# Drawing—dots

Objectives

• Be able to create and manipulate stimuli formed from a number of individual elements.

Patterns formed from a number of small elements (“dots”, typically circles, Gaussians, or squares) are versatile stimuli that are frequently used in vision research. In psychopy, we typically create dot stimuli using `ElementArrayStim`.

The key point about `ElementArrayStim` is that many of its parameters accept a list, rather than only a single value. This allows us to conveniently create a stimulus from many individual elements. The `xys` is a critical parameter that specifies the position of each element. For example, we can draw a set of randomly-positioned dots by:

```import random

import psychopy.visual
import psychopy.event

win = psychopy.visual.Window(
size=[400, 400],
units="pix",
fullscr=False
)

n_dots = 200

dot_xys = []

for dot in range(n_dots):

dot_x = random.uniform(-200, 200)
dot_y = random.uniform(-200, 200)

dot_xys.append([dot_x, dot_y])

dot_stim = psychopy.visual.ElementArrayStim(
win=win,
units="pix",
nElements=n_dots,
elementTex=None,
xys=dot_xys,
sizes=10
)

dot_stim.draw()

win.flip()

psychopy.event.waitKeys()

win.close()
``` There are a few things to note about the code above:

• We specify `xys` as a list of lists; the “outer” list has a number of elements that matches the number of dots. Each element is itself a list, with two elements—the x and y location of that particular dot.
• Note the use of `elementTex` here. By setting it to the special Python value `None`, we are telling psychopy that we want the “texture” of each dot to just be uniform white. Then, by setting `elementMask` to `"circle"`, we are able to define the shape of each individual dot.
• Notice how the size of the dots is specified by the parameter `sizes`, rather than the typical `size`. That means that we could provide a list with a length corresponding to the number of dots, with each element of the list specifying the size of that particular dot. By just giving a single number here, we are telling psychopy to use this value for all of the dots.

The `ElementArrayStim` doesn’t just have to be used for shape-based dots, though. By setting the `elementTex` and `elementMask` parameters, we have great flexibility in what comprises our stimulus. For example, we could use lots of little gratings:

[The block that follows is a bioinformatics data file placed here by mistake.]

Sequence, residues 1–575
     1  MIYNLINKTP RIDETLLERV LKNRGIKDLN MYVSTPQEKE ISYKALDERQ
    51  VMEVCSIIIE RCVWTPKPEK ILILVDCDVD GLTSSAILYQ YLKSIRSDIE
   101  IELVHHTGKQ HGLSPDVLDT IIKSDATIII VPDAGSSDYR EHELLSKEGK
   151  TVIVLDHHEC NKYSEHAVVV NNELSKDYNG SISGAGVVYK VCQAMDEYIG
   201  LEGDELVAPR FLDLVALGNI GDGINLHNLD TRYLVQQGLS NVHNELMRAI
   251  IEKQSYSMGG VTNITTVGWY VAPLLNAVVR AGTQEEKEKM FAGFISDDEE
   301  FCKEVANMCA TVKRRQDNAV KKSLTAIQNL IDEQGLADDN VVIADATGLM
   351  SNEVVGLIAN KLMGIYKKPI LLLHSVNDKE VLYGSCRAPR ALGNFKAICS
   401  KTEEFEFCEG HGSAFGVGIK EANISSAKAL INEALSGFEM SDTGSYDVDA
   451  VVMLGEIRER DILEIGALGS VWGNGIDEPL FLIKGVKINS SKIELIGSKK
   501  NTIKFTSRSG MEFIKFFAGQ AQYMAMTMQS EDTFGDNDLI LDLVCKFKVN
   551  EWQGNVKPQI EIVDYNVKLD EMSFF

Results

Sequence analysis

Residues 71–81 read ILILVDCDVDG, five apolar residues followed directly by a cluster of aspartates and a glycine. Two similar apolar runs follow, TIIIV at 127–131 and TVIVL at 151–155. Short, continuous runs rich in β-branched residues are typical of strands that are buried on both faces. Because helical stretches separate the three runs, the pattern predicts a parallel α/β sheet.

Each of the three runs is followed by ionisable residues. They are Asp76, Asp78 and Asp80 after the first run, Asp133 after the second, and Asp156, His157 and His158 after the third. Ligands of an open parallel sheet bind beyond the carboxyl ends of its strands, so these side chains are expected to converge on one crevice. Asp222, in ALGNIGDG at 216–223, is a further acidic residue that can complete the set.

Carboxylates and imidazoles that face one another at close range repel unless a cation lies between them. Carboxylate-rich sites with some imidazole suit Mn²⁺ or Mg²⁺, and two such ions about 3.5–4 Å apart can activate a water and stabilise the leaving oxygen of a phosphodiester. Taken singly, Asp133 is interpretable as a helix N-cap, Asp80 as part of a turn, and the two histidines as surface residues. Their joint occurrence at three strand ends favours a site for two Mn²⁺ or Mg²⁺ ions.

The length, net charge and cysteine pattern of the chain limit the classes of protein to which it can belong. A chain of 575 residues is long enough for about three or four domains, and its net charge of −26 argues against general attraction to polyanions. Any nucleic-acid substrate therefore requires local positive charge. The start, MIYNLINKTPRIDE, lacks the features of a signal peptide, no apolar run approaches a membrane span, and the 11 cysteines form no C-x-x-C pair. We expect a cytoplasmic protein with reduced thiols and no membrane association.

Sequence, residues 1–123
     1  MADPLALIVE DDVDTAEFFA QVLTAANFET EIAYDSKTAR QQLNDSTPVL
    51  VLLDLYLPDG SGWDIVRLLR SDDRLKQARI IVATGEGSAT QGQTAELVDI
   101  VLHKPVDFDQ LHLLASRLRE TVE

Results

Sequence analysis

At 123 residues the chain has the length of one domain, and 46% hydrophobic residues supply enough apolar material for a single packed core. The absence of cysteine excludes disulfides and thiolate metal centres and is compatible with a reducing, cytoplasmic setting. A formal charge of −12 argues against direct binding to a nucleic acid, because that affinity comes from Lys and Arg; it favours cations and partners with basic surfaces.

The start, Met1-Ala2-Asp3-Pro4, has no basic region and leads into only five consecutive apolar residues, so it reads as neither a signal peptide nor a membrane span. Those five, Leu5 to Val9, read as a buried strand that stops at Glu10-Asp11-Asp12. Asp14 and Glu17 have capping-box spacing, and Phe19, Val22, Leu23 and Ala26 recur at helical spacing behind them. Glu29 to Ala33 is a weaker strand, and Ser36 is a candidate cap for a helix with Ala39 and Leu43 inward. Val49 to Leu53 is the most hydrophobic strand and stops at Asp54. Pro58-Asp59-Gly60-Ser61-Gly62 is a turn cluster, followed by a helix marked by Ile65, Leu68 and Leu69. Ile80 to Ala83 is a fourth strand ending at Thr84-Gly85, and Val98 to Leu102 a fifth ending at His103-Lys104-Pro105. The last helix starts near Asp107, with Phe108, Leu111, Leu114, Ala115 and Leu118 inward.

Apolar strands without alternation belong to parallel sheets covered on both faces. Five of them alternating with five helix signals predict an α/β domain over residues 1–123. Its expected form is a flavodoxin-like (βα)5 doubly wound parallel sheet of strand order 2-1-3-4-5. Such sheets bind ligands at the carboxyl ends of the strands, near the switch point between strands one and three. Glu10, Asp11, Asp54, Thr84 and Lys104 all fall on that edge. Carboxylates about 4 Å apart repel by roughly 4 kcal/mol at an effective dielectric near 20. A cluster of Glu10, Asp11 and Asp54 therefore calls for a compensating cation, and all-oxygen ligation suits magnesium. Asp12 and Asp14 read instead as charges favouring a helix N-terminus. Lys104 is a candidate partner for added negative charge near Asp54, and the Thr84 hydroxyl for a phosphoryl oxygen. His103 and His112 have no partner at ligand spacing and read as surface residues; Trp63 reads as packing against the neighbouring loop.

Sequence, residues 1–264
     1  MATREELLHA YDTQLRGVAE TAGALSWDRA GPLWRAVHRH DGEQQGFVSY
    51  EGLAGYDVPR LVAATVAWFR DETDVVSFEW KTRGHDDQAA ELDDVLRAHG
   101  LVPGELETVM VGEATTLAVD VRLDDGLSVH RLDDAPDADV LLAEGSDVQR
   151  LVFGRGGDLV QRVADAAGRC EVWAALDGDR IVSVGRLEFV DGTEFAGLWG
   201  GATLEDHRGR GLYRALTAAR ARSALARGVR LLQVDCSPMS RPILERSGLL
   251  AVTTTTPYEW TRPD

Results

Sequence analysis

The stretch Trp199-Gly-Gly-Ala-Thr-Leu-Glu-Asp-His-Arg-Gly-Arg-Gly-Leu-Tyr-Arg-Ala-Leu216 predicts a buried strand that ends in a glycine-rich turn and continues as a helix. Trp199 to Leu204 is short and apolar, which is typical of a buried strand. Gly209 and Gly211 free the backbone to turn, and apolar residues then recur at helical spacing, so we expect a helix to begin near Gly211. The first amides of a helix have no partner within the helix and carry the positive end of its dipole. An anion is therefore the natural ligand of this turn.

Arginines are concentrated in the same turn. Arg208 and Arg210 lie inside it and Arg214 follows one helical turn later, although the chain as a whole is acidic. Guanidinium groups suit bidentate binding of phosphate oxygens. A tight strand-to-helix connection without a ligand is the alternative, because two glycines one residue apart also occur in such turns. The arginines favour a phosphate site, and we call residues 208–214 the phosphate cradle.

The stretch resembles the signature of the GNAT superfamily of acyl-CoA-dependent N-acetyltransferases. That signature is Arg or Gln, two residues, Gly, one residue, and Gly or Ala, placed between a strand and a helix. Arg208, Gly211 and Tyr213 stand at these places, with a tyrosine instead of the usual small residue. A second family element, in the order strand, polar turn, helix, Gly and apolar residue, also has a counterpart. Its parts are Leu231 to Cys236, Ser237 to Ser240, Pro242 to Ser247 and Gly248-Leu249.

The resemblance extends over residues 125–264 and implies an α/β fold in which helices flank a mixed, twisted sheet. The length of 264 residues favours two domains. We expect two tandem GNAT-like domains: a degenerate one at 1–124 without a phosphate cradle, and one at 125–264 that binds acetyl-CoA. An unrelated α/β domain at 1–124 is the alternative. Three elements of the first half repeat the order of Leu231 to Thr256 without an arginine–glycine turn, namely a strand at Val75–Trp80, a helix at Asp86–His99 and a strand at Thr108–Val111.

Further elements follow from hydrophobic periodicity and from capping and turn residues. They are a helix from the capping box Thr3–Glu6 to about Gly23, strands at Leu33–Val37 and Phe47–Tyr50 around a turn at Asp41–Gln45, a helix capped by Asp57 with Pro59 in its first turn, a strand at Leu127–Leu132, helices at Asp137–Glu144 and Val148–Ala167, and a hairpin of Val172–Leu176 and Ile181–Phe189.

```import random

import psychopy.visual
import psychopy.event

win = psychopy.visual.Window(
size=[400, 400],
units="pix",
fullscr=False
)

n_dots = 200

dot_xys = []

for dot in range(n_dots):

dot_x = random.uniform(-200, 200)
dot_y = random.uniform(-200, 200)

dot_xys.append([dot_x, dot_y])

dot_stim = psychopy.visual.ElementArrayStim(
win=win,
units="pix",
nElements=n_dots,
elementTex="sin",
sfs=5.0 / 2.5,
xys=dot_xys,
sizes=20
)

dot_stim.draw()

win.flip()

psychopy.event.waitKeys()

win.close()
``` Tip

In `ElementArrayStim`, the `sfs` parameter when `units="pix"` is the number of cycles per element, rather than the number of cycles per pixel.

Perhaps with random orientations:

```import random

import psychopy.visual
import psychopy.event

win = psychopy.visual.Window(
size=[400, 400],
units="pix",
fullscr=False
)

n_dots = 200

dot_xys = []
dot_oris = []

for dot in range(n_dots):

dot_x = random.uniform(-200, 200)
dot_y = random.uniform(-200, 200)

dot_xys.append([dot_x, dot_y])

dot_oris.append(random.uniform(0, 180))

dot_stim = psychopy.visual.ElementArrayStim(
win=win,
units="pix",
nElements=n_dots,
elementTex="sin",
sfs=5.0 / 2.5,
xys=dot_xys,
sizes=20,
oris=dot_oris
)

dot_stim.draw()

win.flip()

psychopy.event.waitKeys()

win.close()
```